Listening to Our Low-Income Students
While there is a growing effort to better understand how to best support low-income students in higher education, too often listening to the students themselves has not been part of the inquiry. When we do listen to students, it tends to be during exit interviews with those who are withdrawing from our institutions. The Yes We Must Coalition Student Feedback Project was an initiative to explore the experiences of low-income students who have been successful in their college journeys and are on the verge of graduation. We sought to understand how these students viewed their paths to success, particularly what they saw as the biggest challenges along the way and what institutional practices and policies they found to be most helpful in meeting these challenges. We also wanted to solicit their advice on ways in which our institutions could improve in providing support.
A pilot effort in 2017 involved focus groups conducted at eight Yes We Must Coalition (YWMC) institutions with 55 graduating Pell-eligible students. The results made it clear that students had important insights to offer. Based on these results, the 2018 project was undertaken to develop a larger sample of students drawn from more institutions in order to increase our understanding of commonly experienced challenges and what might be done to make the journeys of low-income students quicker, less costly, and/or less at-risk for interruption and non-completion. We hope the individual and cumulative data from the focus groups will be useful in informing institutional assumptions and policies, including the nature, accessibility and timing of interventions and resources.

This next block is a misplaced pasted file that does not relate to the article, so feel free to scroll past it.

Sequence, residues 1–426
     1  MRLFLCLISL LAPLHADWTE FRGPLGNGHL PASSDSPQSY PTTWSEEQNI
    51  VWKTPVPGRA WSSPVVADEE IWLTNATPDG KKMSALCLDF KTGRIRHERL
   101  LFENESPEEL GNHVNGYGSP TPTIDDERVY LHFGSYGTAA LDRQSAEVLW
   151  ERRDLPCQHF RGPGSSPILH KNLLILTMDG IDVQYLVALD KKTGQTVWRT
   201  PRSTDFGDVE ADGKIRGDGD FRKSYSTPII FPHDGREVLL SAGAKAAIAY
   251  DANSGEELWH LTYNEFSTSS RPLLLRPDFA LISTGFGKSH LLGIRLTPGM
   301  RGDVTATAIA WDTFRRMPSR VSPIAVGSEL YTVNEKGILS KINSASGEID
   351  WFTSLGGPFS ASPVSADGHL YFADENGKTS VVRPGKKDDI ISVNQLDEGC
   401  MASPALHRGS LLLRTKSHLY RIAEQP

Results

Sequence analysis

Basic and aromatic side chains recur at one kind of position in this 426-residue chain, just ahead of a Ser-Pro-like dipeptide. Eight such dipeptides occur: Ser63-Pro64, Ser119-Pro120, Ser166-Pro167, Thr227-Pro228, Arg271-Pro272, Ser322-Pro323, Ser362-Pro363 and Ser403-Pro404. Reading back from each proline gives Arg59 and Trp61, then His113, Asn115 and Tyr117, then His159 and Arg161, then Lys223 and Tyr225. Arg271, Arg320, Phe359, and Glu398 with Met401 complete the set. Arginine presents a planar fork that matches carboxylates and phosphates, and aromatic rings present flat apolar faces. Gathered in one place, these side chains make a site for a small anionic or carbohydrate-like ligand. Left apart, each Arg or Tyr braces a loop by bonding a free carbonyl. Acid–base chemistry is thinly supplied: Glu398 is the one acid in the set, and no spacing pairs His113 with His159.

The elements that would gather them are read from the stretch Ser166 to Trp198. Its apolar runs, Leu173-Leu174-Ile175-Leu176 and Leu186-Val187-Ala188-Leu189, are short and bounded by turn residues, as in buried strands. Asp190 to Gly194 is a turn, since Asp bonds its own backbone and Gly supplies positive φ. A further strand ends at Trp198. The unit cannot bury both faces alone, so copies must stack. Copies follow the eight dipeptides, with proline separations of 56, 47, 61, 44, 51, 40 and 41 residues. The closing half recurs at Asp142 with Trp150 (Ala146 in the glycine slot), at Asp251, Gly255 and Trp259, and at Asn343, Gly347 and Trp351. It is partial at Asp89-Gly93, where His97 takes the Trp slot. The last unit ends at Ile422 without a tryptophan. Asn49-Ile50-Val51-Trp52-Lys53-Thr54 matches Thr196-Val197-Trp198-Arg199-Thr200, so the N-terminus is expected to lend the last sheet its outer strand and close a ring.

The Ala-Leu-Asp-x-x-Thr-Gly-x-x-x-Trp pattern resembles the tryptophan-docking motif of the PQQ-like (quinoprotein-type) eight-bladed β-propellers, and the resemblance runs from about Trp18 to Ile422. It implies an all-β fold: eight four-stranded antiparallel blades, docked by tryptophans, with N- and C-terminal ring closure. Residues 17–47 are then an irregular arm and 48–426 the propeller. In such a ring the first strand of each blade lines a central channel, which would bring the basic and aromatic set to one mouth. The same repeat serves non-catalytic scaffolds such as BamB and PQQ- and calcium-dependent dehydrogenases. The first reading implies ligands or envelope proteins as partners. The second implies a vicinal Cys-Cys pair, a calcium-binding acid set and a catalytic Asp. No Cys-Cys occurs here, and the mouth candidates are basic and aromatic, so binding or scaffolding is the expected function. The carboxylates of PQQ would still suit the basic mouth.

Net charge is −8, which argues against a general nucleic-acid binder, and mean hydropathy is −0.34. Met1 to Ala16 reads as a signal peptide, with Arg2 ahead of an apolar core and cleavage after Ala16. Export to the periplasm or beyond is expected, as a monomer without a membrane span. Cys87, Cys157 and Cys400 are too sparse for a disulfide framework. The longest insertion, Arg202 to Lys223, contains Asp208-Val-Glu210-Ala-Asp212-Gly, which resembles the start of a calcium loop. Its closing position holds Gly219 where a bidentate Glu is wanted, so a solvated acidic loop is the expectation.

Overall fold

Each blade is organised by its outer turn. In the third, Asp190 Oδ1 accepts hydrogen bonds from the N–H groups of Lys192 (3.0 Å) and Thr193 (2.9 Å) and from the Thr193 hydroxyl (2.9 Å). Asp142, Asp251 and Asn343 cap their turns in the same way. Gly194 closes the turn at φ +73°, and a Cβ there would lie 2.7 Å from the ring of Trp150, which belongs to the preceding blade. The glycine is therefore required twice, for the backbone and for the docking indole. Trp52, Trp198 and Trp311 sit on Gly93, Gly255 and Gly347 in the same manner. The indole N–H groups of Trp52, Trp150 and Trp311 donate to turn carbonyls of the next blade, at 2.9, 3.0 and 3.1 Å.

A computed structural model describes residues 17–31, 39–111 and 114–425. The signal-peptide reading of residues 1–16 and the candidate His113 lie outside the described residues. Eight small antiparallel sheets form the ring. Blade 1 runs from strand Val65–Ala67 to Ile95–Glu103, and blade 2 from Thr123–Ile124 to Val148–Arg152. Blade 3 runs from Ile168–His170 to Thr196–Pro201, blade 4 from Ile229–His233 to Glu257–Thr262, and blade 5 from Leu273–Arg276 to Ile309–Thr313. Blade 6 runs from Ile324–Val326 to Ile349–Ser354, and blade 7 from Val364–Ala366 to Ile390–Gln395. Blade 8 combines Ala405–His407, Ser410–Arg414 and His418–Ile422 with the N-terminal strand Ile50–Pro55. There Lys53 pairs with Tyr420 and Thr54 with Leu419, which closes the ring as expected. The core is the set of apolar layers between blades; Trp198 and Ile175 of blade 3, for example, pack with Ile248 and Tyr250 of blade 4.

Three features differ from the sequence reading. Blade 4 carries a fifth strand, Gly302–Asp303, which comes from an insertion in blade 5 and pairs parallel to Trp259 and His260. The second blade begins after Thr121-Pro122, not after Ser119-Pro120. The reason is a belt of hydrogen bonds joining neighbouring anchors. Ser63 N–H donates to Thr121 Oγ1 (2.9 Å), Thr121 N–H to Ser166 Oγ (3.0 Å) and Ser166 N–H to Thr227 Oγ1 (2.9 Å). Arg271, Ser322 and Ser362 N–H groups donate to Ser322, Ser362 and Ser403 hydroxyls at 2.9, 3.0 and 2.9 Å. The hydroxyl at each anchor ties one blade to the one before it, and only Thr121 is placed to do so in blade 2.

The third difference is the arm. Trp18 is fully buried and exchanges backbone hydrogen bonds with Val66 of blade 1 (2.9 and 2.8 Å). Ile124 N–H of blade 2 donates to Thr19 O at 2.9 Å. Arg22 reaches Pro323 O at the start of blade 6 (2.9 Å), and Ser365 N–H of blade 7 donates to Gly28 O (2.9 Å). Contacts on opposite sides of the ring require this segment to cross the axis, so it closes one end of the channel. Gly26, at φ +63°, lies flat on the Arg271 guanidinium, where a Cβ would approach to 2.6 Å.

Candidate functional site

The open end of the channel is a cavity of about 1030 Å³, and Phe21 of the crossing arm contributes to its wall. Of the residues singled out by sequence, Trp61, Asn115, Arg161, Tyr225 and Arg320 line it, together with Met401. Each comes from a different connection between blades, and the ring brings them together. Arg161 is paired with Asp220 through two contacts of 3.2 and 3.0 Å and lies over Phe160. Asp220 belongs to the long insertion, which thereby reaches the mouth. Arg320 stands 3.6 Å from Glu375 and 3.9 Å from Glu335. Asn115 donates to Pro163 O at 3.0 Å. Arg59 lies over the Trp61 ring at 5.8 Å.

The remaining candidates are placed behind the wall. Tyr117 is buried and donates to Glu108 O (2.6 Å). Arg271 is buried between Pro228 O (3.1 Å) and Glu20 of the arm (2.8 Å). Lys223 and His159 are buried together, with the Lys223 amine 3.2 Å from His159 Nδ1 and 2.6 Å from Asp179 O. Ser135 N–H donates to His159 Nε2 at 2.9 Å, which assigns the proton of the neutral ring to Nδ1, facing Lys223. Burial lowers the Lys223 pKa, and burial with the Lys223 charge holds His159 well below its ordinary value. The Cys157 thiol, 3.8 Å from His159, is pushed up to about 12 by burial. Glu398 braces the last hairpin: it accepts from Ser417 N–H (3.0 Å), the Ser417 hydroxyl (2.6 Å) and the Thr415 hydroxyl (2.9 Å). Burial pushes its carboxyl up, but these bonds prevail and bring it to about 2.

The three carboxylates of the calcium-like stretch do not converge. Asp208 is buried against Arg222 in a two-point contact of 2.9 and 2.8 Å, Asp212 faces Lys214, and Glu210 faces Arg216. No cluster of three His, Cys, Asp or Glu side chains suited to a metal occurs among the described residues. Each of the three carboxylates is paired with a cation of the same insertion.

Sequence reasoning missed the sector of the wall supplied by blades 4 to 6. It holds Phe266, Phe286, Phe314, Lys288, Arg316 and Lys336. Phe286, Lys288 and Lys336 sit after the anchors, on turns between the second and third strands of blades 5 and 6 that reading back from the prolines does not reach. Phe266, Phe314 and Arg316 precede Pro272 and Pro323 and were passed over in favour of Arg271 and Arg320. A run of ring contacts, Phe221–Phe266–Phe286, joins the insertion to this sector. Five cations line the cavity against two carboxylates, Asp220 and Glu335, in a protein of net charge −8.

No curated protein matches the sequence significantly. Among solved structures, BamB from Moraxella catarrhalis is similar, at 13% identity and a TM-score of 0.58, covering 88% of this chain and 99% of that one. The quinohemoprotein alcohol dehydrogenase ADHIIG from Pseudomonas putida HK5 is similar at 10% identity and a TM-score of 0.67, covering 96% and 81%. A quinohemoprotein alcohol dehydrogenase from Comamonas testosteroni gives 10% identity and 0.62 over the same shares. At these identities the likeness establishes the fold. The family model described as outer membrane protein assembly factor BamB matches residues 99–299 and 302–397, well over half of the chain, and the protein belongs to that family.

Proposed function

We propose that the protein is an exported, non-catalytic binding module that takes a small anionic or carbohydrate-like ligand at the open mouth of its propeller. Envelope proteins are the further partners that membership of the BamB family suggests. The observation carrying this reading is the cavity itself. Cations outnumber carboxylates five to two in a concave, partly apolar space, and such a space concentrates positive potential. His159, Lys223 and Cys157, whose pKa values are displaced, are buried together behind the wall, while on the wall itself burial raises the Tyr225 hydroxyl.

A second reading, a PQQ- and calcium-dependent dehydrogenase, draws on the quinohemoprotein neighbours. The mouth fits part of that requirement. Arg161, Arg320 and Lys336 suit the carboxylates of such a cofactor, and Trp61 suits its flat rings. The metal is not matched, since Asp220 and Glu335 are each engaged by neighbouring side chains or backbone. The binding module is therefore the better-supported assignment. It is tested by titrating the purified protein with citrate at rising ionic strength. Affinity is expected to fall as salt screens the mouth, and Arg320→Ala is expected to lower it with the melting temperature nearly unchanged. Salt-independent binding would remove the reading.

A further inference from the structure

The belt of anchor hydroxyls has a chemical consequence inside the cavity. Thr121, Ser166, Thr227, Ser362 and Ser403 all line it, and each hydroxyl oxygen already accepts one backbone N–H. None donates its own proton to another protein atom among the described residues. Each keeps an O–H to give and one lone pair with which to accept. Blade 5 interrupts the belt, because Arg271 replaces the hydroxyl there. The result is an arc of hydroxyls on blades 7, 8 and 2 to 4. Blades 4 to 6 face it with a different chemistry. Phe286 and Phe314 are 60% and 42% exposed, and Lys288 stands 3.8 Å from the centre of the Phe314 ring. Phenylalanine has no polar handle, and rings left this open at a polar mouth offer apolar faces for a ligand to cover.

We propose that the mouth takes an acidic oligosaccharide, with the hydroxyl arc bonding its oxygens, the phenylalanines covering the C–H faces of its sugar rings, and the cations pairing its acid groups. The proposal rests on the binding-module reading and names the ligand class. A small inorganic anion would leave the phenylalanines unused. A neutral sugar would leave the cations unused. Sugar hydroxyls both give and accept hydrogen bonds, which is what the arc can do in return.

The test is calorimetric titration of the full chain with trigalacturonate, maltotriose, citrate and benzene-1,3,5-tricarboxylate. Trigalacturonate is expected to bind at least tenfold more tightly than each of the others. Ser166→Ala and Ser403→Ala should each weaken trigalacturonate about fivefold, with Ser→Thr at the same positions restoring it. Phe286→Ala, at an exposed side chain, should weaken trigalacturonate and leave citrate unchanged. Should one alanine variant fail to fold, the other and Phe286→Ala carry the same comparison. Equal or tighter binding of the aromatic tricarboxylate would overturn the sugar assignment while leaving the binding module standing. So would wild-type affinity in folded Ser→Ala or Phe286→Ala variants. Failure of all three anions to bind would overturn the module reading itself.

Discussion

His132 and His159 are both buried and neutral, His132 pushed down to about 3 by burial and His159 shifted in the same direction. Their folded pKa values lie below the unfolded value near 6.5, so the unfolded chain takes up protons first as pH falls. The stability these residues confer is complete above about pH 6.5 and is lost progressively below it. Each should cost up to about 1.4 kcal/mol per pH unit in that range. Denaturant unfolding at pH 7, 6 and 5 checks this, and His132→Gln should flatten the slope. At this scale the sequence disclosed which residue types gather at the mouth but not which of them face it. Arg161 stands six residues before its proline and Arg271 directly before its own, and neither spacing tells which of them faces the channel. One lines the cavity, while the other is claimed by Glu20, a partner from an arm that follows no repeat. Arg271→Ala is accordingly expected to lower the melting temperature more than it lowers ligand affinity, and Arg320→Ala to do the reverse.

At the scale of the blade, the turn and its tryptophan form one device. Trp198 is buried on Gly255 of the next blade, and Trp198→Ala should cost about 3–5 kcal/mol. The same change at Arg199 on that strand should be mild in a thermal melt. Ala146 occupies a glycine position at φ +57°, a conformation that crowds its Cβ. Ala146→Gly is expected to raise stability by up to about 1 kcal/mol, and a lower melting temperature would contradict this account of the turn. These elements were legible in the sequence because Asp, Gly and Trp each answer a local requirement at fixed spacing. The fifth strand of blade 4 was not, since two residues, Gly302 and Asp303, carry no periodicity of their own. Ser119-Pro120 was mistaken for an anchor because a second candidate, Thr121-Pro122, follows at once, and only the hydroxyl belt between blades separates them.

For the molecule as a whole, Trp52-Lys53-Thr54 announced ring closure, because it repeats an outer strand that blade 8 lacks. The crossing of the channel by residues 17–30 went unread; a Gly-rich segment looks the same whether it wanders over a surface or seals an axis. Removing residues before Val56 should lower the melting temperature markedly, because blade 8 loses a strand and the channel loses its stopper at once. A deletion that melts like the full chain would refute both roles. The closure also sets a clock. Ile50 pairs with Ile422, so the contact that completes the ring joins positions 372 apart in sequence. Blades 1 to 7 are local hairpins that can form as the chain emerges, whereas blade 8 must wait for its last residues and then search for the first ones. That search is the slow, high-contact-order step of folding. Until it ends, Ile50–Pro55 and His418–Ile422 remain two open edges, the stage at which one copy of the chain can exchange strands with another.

The YWMC Student Feedback Project 2018 was launched in the spring of 2017 with a call for volunteer institutions and the identification of focus group facilitators from each of the participating schools. Virtual workshops to review best practices for focus group facilitators were conducted by YWMC staff and enriched by the participation of three experienced facilitators from the pilot program. Recruitment of Pell-eligible seniors began in early 2018 with a goal of developing samples that were representative of the student body at each institution. Focus groups were conducted between February and April, with sessions lasting 60–90 minutes. Participating students received a $25 stipend, generally in the form of credit at the campus bookstore or a gift card for use at a local retail store. Consent forms and student demographic pro les were collected at each session, with each student assigned an identifying number. Sessions were audio-taped, but students identified themselves only by number when speaking so as to retain anonymity. Institutions used commercial services (either Trint.com or Rev.com) to transcribe the tapes, copies of which were sent to Nia Chester, YWMC Program Manager, whose content analysis provides the basis for the results described in this report.